We are interested to find out how β-cells are made, how we can increase their total number or generate new one from new sources. To achieve these goals, our research focusses on three related — yet distinct — axis: Pancreatic development (to understand what regulates the formation of the β-cells and manipulate these processes to increase the β-cell mass), Transdifferentiation (to generate new functional β-cells from other cells during development or in the adult) and Insulin signaling (to understand how this controls the survival and proliferation of preexisting β-cells).
Pancreatic Development and Transdifferentiation
Our Lab focusses mostly on the early steps that control the fate of the endocrine progenitors. Using cell and organ culture and complex transgenic models, we work on deciphering the complex regulatory networks that control pancreatic organogenesis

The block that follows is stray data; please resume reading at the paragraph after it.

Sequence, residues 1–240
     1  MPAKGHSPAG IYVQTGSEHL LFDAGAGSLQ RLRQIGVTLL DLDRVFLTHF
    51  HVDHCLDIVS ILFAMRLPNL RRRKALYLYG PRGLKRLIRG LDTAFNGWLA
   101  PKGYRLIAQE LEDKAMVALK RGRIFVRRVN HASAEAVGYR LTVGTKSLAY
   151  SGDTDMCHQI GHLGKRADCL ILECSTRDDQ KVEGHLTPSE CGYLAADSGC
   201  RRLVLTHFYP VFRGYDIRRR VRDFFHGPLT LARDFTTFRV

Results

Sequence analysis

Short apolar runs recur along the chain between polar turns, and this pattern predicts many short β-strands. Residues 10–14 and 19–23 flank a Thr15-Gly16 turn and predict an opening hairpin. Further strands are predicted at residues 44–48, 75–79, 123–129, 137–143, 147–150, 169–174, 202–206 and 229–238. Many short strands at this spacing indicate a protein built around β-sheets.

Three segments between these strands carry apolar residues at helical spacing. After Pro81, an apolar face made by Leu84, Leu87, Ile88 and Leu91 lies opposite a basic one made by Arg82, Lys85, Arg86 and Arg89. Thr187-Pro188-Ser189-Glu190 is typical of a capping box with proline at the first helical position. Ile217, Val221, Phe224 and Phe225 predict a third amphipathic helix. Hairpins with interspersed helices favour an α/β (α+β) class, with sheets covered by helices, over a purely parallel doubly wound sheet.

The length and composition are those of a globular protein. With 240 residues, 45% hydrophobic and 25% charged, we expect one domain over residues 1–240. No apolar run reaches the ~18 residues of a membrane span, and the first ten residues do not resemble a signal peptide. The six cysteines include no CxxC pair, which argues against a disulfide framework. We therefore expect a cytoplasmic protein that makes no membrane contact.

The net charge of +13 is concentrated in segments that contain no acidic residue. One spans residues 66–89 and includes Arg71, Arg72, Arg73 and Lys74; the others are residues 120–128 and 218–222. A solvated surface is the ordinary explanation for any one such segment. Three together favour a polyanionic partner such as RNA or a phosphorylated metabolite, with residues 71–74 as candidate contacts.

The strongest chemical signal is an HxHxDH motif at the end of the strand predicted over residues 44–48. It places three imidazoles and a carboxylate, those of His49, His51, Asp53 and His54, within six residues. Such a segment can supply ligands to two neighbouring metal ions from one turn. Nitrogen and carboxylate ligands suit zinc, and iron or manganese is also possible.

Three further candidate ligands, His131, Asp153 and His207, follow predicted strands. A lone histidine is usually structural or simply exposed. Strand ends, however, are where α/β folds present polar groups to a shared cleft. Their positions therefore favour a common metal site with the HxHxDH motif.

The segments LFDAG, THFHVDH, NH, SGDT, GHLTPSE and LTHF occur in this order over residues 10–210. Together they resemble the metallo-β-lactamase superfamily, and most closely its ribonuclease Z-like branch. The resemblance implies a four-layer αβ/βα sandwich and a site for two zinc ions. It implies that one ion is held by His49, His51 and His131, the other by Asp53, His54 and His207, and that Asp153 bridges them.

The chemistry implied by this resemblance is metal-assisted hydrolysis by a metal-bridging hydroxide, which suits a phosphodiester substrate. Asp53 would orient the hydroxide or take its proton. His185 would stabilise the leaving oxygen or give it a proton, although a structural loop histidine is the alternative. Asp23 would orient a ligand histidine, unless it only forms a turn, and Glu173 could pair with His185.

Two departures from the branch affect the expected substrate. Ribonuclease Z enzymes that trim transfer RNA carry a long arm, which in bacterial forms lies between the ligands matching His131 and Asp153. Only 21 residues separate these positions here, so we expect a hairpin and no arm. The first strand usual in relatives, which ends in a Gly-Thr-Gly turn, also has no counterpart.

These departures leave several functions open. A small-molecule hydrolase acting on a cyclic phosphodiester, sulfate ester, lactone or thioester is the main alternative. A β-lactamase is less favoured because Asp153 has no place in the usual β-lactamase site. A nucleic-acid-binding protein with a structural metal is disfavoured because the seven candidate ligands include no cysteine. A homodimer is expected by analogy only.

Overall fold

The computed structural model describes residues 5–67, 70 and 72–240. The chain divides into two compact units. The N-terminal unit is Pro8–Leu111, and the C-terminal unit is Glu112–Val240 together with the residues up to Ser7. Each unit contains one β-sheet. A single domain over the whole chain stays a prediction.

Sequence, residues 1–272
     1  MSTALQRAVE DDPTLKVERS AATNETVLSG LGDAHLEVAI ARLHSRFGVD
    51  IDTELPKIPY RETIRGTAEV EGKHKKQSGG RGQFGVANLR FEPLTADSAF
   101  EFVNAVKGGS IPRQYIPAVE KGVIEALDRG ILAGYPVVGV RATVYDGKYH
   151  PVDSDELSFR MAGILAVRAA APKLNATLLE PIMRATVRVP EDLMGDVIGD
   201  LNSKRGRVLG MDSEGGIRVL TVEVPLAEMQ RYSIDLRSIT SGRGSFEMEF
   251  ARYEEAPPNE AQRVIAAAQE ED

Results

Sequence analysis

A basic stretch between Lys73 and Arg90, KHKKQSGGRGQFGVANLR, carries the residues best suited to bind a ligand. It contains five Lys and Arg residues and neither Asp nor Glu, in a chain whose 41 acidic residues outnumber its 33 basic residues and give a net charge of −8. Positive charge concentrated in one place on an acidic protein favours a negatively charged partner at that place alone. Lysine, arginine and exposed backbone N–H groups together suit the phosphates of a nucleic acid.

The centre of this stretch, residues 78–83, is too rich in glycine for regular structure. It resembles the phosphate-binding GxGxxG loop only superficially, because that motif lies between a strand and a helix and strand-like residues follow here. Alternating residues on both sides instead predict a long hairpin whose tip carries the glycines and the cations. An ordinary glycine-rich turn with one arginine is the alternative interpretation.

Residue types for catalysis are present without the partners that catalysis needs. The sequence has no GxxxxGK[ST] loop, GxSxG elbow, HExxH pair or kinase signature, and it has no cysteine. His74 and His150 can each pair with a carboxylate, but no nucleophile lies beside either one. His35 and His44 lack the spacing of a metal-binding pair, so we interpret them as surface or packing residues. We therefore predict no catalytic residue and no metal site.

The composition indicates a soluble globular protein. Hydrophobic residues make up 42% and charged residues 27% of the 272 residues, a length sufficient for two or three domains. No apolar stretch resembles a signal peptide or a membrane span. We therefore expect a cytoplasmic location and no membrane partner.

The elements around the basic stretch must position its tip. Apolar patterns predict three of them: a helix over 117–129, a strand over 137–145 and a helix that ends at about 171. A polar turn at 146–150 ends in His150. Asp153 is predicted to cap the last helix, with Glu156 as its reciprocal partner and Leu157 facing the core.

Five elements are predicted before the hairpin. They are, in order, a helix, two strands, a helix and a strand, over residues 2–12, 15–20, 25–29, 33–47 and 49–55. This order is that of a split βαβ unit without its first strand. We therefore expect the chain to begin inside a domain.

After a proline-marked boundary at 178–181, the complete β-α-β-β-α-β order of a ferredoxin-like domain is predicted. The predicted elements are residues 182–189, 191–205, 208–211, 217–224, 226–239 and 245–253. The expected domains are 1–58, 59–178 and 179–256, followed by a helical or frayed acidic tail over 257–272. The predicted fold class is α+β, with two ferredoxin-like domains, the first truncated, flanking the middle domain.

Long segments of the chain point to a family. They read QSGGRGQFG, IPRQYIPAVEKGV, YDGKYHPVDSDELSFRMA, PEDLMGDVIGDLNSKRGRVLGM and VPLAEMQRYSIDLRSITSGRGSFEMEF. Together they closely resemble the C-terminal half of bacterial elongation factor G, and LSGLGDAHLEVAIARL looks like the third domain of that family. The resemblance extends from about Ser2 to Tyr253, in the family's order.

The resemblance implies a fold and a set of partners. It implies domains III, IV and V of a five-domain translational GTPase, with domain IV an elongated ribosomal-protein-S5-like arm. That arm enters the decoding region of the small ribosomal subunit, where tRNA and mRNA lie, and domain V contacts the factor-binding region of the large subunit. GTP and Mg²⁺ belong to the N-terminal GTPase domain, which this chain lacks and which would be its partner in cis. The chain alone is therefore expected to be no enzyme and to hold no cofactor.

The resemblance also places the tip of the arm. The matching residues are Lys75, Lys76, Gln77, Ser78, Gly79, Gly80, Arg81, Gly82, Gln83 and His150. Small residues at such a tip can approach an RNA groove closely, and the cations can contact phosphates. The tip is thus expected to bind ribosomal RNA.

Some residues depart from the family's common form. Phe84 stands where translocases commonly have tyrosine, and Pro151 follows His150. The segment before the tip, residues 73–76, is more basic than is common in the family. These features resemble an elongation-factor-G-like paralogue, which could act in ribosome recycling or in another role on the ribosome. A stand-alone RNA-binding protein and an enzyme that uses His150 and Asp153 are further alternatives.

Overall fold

We work on various mouse models of pancreatic development, starting at very early stages of the pancreatic organogenesis.
We also work in adult stages, both under normal conditions, and on various pancreatic regeneration models.
Pancreatic β-cell biology
Our ultimate goal is to help increase the number of β-cells that can be generated from embryonic or adult progenitors. Our Lab therefore works with various adult mice models where we attempt to manipulate regeneration and compensate from the loss of β-cells in different diabetes models.